As the College Board's annual meeting got started Saturday in New York City, enrollment managers and admissions officers in one meeting room heard projections about how their existing sources of students may be drying up, and how they will need to go after new groups of students -- especially Latino students -- to fill their classrooms. But for a number of reasons, the college officials were told, Latino students might be reluctant to enroll and might not have the money to pay their bills if they wanted to attend.
At the same time, on the other side of the mammoth elevator bank at the Marriott Marquis Hotel, a smaller group was talking about how to educate Latino students when they enroll. And while these educators said that there are in fact promising strategies for helping Latino students succeed, they said it wasn't easy.
All in all, sessions about demographics this weekend portrayed colleges -- especially those that have remained overwhelmingly white -- as facing some tough demographic challenges in the years ahead.
Andre Bell, vice president for enrollment services at the College Board, said that 2009 will probably be the last year in a string of 20 in a row in which the number of new high school graduates increases. While colleges have experienced dips before, Bell said that there would be a "fundamental difference" in this one.
In previous dips, he said, all ethnic and racial groups dipped in roughly the same proportion. That won't be the case this time, as members of minority groups -- and especially Latinos -- increase while white students decrease. The growing Latino presence in higher education will play out differently from college to college and state to state. But whether states are seeing enrollment go up or down, and whether they are already diverse or overwhelmingly white, the numbers are going to be dramatic in the next decade.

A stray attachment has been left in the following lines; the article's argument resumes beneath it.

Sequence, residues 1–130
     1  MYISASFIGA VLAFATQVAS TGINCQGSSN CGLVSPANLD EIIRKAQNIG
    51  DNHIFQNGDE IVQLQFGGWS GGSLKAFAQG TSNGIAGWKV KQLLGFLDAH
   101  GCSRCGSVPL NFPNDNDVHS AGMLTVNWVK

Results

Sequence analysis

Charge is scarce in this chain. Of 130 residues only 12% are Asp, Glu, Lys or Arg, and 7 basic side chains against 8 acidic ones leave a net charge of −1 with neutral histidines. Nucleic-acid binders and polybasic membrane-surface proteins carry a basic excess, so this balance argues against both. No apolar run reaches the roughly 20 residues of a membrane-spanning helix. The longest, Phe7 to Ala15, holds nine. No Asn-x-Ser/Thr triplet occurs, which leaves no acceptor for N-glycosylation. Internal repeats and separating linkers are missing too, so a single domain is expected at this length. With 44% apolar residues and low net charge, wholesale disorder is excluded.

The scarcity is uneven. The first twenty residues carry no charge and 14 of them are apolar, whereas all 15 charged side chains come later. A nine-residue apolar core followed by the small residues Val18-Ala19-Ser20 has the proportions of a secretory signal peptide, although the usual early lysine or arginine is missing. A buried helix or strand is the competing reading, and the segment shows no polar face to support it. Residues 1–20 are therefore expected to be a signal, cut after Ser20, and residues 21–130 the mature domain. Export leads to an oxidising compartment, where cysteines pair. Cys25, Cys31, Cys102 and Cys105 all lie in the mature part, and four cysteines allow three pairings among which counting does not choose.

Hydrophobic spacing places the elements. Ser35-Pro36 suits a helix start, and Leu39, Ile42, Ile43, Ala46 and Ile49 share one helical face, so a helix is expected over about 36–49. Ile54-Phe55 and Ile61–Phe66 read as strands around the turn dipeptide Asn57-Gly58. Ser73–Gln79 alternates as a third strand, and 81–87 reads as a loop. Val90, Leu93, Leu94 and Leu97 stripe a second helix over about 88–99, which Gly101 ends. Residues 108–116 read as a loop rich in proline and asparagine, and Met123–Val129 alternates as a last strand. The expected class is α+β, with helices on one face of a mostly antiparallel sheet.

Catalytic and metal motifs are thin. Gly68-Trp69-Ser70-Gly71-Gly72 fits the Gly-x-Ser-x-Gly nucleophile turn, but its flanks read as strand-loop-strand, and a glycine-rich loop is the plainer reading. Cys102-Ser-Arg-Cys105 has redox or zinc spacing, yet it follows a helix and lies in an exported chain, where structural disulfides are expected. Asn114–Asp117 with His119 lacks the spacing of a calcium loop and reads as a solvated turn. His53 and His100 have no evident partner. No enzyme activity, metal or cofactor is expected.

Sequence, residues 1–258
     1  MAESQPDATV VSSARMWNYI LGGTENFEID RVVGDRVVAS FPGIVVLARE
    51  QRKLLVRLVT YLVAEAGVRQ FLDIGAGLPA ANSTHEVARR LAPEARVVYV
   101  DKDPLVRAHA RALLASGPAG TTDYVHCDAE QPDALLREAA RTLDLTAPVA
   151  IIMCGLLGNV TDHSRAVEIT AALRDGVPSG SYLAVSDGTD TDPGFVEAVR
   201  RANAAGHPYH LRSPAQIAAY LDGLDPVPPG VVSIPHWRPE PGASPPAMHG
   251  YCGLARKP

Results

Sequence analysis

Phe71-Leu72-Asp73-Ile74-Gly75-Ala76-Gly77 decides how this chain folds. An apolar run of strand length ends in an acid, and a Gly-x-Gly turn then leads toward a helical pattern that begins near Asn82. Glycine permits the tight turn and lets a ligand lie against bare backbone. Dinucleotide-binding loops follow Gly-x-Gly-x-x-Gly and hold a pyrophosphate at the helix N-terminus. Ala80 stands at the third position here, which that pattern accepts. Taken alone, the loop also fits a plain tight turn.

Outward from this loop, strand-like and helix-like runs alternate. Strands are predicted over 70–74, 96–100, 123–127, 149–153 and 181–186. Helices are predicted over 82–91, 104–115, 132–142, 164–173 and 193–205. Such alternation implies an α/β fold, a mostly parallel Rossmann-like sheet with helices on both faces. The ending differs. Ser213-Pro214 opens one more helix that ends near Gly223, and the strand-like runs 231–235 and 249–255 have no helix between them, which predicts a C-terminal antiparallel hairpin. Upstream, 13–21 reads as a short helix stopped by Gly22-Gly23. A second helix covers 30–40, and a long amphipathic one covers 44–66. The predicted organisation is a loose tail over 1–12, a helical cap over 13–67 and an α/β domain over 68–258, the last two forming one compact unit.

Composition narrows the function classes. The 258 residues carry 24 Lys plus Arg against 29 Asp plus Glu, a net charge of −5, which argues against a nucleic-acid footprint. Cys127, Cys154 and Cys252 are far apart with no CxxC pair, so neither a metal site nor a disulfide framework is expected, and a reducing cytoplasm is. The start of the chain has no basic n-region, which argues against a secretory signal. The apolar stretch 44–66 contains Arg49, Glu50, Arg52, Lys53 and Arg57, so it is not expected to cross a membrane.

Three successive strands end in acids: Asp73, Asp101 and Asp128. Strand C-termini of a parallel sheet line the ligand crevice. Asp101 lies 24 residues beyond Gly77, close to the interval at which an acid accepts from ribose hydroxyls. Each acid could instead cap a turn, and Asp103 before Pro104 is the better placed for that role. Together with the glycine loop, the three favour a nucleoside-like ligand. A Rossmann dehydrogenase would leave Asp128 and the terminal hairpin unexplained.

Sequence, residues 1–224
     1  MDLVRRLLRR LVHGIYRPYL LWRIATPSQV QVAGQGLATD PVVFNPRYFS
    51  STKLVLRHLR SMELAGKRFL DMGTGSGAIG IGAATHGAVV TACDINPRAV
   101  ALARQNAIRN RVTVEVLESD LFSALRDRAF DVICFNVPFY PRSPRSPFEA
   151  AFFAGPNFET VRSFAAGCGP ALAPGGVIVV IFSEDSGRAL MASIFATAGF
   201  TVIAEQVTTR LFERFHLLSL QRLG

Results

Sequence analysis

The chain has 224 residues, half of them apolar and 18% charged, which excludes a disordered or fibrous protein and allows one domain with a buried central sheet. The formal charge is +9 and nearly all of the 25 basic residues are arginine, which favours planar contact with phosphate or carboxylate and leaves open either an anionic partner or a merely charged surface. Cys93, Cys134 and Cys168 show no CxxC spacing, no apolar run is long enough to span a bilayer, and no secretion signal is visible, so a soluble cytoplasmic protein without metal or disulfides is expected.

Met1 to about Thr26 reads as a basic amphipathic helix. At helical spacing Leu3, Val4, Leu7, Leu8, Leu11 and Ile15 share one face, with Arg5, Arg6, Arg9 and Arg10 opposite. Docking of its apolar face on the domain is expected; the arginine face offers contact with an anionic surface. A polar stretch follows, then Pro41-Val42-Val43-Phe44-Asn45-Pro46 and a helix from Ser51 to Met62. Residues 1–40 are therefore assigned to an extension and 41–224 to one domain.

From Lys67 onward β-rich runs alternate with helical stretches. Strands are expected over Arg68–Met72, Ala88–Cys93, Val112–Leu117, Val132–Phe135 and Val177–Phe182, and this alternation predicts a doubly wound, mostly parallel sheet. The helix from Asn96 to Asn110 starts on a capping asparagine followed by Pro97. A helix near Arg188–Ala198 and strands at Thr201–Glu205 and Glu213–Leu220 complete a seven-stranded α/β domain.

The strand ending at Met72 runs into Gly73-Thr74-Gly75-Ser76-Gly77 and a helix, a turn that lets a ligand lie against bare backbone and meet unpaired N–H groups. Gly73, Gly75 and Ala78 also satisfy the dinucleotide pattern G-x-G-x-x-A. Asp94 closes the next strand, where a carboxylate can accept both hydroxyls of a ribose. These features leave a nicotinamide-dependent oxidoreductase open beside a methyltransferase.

To illustrate the point, the College Board released a report in which it compared projections for Arizona and Vermont over the next decade. In Arizona, the number of new high school graduates is projected to increase by 30 percent, and the proportion of Latino students is expected to reach 41 percent, up from 29 percent today. (The white share is projected to drop to 45 percent, from 57 percent). In Vermont, the number of new high school graduates is expected to drop by 17 percent over the next decade. While Vermont is -- and will remain -- largely white, the percentage of high school graduates who are Latino is expected to increase to 9 percent, from 1 percent today.
From an educational standpoint, the prospect of having more minority students appeals to just about everyone at the conference. The problems people are worrying about are more practical. Latino students are less likely than white students to enroll in college, to enroll in four-year institutions, and to be able to afford more expensive institutions. If you are, say, an admissions director at a private college in the Northeast, this presents all kinds of problems.
These issues are not new, but data released by Bell shows that they are going to get worse. Projecting college costs and family incomes into the future, Bell said that the proportion of their median income that black and Hispanic heads of households would be required to pay for tuition and fees at a private college would reach an average of 96.8 percent by 2014-5. That's up from an already daunting 84 percent today.
Becky Brodigan, director of institutional research at Middlebury College, said that the challenge for colleges in New England is particularly intense because of some characteristics of states that aren't changing: In New England, it has always been the case that many students leave home for college. In the South and West, there is an opposite tradition. So while 57 percent of Vermont high school graduates will leave their home state, only 11 percent of Texans will do so.
This means that Northeastern colleges can't just assume that they will solve their demographic challenges by increased recruiting in the South, she said.